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2022 Math Hackathon Participant Experiences: Rio Cao

2022 Math Hackathon Participant Experiences: Rio Cao

About the Math Hackathon

Explorer Hop's Math Hackathon is a global math competition where contestants use math to solve one of our world's most pressing issues. The competition is open to students all around the world between the ages of 11 and 17 who are enrolled full-time in school. We welcome students of all different Math levels. Participants can join either as individuals (if they want to work on their project solo) or join as a group of 4 members (max), and work collaboratively with others.

This year's competition ran from June 4th to June 5th, 2022. Therefore, from the start of the competition, participants had 48 hours to submit their solution to the proposed problem for assessment by the Explorer Hop team. Following the assessment of all answers, participants were awarded prizes according to their rank, with the top finisher taking home a $100 gift card and the other contestants in the Top 10 receiving smaller prizes. All participants, however, received a certificate acknowledging their effort and completion of the hackathon.

If you feel that you're on the lesser experienced side and want to prepare first, there is still time to do so before the next competition (2023 dates: TBA). Please visit Explorer Hop's website and sign up for one of our many math programs now. These offerings have been individually curated and refined to cater to children and students from 6th grade (11 years old) to 12th grade (18 years old) so check them out now if you want to boost your math skills prior to our next hackathon (2023 dates: TBA)!

Young Math Whiz Rio Cao on His Experience

The Explorer Hop team interviewed Math Hackathon participants on their experiences to help prepare future students and offer them insight into what it's like to compete.

Read on for a written version of our interview with Rio (Toronto, Ontario, Canada).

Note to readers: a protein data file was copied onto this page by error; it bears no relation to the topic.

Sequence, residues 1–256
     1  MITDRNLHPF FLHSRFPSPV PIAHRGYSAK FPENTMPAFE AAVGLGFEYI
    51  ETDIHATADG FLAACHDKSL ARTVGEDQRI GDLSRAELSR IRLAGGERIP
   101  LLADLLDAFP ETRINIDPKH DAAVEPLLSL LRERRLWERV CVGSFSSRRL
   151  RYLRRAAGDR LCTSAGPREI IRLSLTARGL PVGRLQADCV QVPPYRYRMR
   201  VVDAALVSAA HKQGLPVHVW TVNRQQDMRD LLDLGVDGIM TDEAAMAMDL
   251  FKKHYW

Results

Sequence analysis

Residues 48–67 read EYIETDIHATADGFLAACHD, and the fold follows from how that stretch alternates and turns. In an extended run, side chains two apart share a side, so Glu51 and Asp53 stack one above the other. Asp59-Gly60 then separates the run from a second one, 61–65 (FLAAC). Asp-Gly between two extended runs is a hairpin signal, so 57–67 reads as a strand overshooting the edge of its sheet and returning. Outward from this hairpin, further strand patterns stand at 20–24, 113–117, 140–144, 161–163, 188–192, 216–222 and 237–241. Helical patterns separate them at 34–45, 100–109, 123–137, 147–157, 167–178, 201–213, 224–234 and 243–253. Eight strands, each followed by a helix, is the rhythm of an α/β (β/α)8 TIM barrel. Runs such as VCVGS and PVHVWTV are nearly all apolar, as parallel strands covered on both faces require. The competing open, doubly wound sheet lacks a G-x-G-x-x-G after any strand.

EH: Why is math your favourite subject?

Rio: It is the best subject. I find it interesting and it is fun to solve some very different questions that bend your mind. 

EH: How did you find out about this hackathon?

Rio: My dad told me about it and he signed me up. It's my first one but I feel like I can learn a lot.

EH: Where do you think population density is the highest? 

Rio: Definitely China and India are very densely populated and I would think that northern Europe is not that populated. 

EH: Would you want to live in a country with low or high population density? 

Rio: Both extremes are not good. Both extremes can create problems. I would say a higher population would be better than a lower population because if there are more people living in that area, it means more competition but it also means more opportunity. You can get into a very good environment. You can accomplish much more in a bigger group than in a smaller group. 

EH: How do you think you could inspire more kids to be excited about math? 

Rio: One of the most interesting parts of math is thinking about why it works, thinking about why using the method to solve a problem. Thinking further about why it works and what use it can have in some slightly different situations can help make math more interesting.  

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